Wednesday, January 11, 2012

The Nobel Prize in Physics 1914 Max von Laue

Laue diagram of a crystal  See: Experimental diffraction

The Laue method in transmission mode

The Laue method in reflection mode

There are two different geometries in the Laue method, depending on the crystal position with regard to the photographic plate: transmission or reflection.

Concerning the Detection of X-ray Interferences


Max Theodor Felix von Laue (9 October 1879 – 24 April 1960) was a Germanphysicist who won the Nobel Prize in Physics in 1914 for his discovery of the diffraction of X-rays by crystals. In addition to his scientific endeavors with contributions in optics, crystallography, quantum theory, superconductivity, and the theory of relativity, he had a number of administrative positions which advanced and guided German scientific research and development during four decades. A strong objector to National Socialism, he was instrumental in re-establishing and organizing German science after World War II.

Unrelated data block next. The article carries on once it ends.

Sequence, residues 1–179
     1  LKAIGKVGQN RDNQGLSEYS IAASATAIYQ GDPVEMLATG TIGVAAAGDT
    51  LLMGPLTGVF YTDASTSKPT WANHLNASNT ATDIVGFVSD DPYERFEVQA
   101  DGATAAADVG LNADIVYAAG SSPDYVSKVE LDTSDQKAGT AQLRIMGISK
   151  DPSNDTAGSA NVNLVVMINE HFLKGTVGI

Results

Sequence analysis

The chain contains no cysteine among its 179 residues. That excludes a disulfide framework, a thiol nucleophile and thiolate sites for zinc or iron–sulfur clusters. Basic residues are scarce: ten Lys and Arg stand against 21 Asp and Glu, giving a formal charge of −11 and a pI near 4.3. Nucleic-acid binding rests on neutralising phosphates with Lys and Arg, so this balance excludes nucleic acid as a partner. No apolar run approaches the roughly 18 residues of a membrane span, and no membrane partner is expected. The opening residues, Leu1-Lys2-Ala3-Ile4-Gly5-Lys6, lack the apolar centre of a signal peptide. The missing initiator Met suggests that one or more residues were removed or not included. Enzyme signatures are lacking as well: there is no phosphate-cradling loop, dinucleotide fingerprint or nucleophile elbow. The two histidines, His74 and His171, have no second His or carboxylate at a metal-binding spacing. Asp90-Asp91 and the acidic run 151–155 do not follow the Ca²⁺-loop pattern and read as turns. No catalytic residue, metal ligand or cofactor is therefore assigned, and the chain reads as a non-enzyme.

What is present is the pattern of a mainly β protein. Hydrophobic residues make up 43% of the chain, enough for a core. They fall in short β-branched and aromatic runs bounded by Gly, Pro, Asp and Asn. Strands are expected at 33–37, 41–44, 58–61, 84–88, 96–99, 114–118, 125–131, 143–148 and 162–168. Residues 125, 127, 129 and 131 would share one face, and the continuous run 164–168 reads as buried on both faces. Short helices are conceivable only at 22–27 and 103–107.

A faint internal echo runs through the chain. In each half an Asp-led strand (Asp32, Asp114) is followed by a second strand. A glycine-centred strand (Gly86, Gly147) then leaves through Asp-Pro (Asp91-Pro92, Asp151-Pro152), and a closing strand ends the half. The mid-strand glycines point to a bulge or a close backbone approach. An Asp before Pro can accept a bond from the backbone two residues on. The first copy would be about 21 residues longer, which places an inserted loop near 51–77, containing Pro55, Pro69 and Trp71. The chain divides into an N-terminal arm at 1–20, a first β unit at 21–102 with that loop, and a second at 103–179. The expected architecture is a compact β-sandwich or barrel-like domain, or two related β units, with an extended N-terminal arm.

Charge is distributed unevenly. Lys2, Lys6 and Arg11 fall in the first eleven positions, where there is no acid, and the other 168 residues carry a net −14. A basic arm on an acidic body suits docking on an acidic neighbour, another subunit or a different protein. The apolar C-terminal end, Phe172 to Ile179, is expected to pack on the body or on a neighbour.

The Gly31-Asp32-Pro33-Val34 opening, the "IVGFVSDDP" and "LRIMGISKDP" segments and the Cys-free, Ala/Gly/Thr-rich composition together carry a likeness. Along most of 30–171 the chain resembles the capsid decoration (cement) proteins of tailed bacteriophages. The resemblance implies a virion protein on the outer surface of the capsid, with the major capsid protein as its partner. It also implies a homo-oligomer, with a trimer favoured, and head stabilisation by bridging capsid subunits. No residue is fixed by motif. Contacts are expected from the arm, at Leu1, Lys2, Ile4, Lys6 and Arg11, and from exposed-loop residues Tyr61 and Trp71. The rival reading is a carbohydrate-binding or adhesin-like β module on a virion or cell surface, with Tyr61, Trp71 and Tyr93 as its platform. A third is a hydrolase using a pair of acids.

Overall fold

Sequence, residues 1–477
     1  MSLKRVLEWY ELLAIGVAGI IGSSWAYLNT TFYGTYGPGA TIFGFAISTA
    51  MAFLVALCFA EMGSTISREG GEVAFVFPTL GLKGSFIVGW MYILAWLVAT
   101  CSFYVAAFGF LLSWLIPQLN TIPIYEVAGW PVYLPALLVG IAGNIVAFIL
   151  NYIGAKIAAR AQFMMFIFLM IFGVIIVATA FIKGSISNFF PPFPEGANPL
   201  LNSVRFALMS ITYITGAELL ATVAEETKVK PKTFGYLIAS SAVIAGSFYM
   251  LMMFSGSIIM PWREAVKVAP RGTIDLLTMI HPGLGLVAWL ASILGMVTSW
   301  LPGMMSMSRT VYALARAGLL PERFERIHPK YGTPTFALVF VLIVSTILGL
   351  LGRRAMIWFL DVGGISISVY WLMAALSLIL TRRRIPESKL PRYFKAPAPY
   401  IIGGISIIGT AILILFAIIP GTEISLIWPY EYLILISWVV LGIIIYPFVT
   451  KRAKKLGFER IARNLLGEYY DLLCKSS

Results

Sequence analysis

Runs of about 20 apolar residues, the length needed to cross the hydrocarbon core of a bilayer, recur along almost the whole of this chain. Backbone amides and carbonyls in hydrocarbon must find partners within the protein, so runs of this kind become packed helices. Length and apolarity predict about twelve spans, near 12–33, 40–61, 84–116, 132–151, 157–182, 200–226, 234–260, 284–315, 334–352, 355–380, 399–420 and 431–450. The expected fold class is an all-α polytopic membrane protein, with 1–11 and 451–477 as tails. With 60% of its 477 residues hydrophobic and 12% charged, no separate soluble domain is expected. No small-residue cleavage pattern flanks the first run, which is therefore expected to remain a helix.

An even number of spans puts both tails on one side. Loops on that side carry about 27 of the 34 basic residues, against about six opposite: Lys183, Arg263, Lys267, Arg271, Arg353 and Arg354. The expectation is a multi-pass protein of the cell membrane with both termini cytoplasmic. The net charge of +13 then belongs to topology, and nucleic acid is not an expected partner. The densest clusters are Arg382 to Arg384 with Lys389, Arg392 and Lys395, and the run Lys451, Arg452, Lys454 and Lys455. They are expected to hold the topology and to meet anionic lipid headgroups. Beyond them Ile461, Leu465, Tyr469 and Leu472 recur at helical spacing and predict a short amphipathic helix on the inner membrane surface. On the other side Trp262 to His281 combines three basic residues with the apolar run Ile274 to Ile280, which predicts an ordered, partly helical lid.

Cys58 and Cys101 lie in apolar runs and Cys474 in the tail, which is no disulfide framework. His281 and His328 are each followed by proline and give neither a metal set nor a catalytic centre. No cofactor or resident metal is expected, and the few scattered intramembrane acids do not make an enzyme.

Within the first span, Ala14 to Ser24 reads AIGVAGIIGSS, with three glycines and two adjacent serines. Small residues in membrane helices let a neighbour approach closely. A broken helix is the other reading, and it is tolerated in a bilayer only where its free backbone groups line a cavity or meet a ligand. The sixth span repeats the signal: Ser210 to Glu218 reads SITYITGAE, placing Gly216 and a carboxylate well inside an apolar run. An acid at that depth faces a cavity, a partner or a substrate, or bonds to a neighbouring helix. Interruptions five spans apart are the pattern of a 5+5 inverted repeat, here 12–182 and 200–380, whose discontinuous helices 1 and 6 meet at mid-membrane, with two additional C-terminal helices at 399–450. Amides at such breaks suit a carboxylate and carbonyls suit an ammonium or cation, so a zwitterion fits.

Max von Laue

Laue in 1929


  1 Biography


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